Online marketing is a strange world to the outsider, filled with jargon, buzzwords and rapidly developing language. One phrase in particular which seems to confuse many of my clients is social media marketing. I often get asked: “Do you mean, erm, Facebook? when I go on about the benefits.

So – just what the hell is it?

Social media marketing

It is the use of social media websites, namely those which publish user-generated content and build online communities, to generate positive publicity and manage web-based corporate personas.

It is about conversing with consumers rather than pitching at them.


Well, where are customers conversing online? You may decide to go to them via existing online communities, or you may decide to entice them to you using specially-created forums, blogs and other content designed to drive debate and encourage comment and participation.

The web is filled with these communities. From big names like Beebo, Facebook, Twitter, and Digg to more niche spaces, such as NetMums, Econsultancy, even Cat Chat – whatever is best suited to whatever it is you sell.


There are numerous options and before starting any social media marketing campaign, you’ll need to decide what fits with your corporate identity. You probably would not, for example, use Beebo if you make cleaning technology for hospitals – it is not appropriate for your business.

You also need to decide whether or not you intend to go to your customers via existing communities, encourage them to align themselves with your brand through setting up groups within these communities, or create your own content and spaces to entice them to come to you.

As with all social marketing tactics, a combination should be designed based on your company’s specific identity, needs and goals.


Don’t pitch. Don’t pitch, don’t pitch, don’t pitch, don’t pitch. People using social media are socialising. You wouldn’t leap on a group in the pub and try to market at them, because that would create anger and bad feeling about your brand. So don’t do it online.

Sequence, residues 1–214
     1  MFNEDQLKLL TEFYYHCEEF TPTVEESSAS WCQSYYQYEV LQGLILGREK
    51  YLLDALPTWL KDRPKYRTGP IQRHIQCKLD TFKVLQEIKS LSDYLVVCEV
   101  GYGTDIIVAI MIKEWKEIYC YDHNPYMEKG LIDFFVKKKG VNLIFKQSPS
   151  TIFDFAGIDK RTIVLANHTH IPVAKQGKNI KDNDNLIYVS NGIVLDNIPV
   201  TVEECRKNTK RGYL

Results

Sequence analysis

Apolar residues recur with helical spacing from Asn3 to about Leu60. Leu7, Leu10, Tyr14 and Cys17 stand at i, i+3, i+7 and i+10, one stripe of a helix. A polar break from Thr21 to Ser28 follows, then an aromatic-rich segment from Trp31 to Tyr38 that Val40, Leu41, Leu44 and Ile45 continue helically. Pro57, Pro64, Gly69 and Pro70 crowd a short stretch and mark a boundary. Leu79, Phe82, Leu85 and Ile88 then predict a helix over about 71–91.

You need to add value to their internet time; doing that will encourage them back to your site, back to your brand, back to your products or services. However, simply trying to sell at them will swiftly alienate your clients and you will end up actually damaging your reputation.


A serious point to remember is that social media marketing is developing and, by its very nature, cannot be easily defined. A successful campaign is a carefully tailored one, there is no simple solution which works for all brands.

Furthermore, having begun this kind of marketing effort, it is essential to remember it is a long-term strategy; it won’t create overnight returns and it will take time to build these successful conversations. Building online relationships can be enormously satisfying, both in terms of creating a strong business image and through driving sales.

Financial Times Covers Voluntourism

Going on a Trip to Count Kenya’s Elephants By Michelle Jana Chan

There are grey elephants and brown elephants and black elephants – but nothing compares to the red elephants of Tsavo. Elephants may be created equal but, after a vigorous wallow in mud, the Tsavo breed of south-east Kenya are ablaze in the colours of terracotta, vermilion and claret. It is as if they are anointed by the burning equatorial sun and the rich, brick-red African soil.

I first saw them when I was seven. There were herds so vast that my dad turned off the engine of our rental car for half an hour until they had all crossed the road. Drought in the 1970s and the “ivory wars” of the 1980s decimated the population. At the last census, there were 12,000 elephants in Tsavo, one of Africa’s biggest national parks. Even after two decades of recovery, that number is one-third of what it was 40 years ago.